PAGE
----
alexa Improvement of Fertilization Rates of In Vitro Cultured Human Embryos by Exposure to Sound Vibrations | Open Access Journals
ISSN: 2375-4508
Journal of Fertilization: In Vitro - IVF-Worldwide, Reproductive Medicine, Genetics & Stem Cell Biology
Make the best use of Scientific Research and information from our 700+ peer reviewed, Open Access Journals that operates with the help of 50,000+ Editorial Board Members and esteemed reviewers and 1000+ Scientific associations in Medical, Clinical, Pharmaceutical, Engineering, Technology and Management Fields.
Meet Inspiring Speakers and Experts at our 3000+ Global Conferenceseries Events with over 600+ Conferences, 1200+ Symposiums and 1200+ Workshops on
Medical, Pharma, Engineering, Science, Technology and Business

Improvement of Fertilization Rates of In Vitro Cultured Human Embryos by Exposure to Sound Vibrations

M López-Teijón, C Castelló, M Asensio, P Fernández, A Farreras, S Rovira, JM Capdevila and E Velilla*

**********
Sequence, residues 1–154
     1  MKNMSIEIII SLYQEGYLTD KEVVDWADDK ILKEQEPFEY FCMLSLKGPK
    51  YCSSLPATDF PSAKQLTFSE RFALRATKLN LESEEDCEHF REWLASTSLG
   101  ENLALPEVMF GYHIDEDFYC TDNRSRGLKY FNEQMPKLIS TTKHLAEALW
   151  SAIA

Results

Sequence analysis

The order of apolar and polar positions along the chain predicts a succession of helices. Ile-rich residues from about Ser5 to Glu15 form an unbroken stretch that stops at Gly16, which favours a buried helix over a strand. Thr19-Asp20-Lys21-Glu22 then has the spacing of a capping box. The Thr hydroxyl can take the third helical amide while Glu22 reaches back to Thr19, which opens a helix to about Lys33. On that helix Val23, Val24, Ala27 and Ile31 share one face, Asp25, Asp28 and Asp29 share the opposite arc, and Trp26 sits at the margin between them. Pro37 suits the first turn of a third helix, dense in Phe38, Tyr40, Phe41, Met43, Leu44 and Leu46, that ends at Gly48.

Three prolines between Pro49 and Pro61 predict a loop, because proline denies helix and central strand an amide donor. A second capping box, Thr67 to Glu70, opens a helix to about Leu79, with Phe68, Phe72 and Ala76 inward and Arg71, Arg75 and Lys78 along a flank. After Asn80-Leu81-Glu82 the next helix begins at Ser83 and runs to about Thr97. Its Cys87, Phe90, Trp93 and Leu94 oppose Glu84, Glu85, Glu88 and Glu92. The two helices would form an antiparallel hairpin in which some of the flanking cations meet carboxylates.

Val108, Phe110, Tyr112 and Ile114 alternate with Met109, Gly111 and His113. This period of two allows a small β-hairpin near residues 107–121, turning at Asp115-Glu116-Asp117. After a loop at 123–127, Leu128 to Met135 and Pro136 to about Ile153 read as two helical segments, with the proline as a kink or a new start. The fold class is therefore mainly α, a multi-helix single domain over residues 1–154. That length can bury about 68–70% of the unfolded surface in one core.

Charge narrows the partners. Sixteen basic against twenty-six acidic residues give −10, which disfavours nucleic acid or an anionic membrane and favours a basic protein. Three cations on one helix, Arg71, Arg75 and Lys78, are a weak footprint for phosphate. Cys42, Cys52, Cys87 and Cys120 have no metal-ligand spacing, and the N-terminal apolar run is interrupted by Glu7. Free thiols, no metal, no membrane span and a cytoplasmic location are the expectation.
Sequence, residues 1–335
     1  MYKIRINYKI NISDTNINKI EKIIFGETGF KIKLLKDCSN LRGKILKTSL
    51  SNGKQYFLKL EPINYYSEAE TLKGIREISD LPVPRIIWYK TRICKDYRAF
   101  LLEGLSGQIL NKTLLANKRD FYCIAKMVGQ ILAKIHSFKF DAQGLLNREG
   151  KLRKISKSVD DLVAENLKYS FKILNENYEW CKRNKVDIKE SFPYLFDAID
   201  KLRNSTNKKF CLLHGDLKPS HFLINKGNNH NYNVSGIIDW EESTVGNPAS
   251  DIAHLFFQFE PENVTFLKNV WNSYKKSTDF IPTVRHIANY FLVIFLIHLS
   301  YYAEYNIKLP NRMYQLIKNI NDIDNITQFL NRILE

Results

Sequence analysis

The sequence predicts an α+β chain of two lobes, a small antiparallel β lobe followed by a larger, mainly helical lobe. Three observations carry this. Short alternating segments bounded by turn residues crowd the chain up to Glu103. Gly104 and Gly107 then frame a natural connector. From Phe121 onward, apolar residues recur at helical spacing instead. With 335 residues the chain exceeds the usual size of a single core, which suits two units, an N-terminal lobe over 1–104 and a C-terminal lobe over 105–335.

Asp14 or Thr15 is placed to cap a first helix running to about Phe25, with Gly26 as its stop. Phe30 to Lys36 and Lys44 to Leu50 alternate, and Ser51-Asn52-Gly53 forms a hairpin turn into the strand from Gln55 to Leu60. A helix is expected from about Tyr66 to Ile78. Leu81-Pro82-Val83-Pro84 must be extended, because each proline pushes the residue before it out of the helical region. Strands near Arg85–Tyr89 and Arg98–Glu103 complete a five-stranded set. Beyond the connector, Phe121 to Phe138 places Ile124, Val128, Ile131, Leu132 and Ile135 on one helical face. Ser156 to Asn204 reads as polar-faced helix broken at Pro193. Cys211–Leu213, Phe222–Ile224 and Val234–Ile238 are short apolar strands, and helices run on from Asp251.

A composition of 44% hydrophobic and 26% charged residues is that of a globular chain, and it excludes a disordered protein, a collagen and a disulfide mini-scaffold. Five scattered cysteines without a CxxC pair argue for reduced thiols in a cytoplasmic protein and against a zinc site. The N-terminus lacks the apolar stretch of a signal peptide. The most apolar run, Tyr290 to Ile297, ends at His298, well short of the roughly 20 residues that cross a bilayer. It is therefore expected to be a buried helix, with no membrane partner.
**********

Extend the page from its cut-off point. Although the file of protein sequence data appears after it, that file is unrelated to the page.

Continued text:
Institut Marquès, 08034 Barcelona, Spain
Corresponding Author : Esther Velilla Garcia
Paseo Manel Girona 33, 08034 Barcelona, Spain
Tel: +34932858216
E-mail: esther.velilla@ institutomarques.com
Received September 24, 2015; Accepted October 15, 2015; Published October 22, 2015
Citation: López-Teijón M, Castelló C, Asensio M, Fernández P, Farreras A, et al. (2015) Improvement of Fertilization Rates of In Vitro Cultured Human Embryos by Exposure to Sound Vibrations.J Fertil In Vitro IVF Worldw Reprod Med Genet Stem Cell Biol 3:160. doi:10.4172/2375-4508.1000160
Copyright: © 2015 López-Teijón M, et al. This is an open-access article distributed under the terms of the Creative Commons Attribution License, which permits unrestricted use, distribution, and reproduction in any medium, provided the original author and source are credited.
Related article at Pubmed, Scholar Google

 

Visit for more related articles at Journal of Fertilization: In Vitro - IVF-Worldwide, Reproductive Medicine, Genetics & Stem Cell Biology

Abstract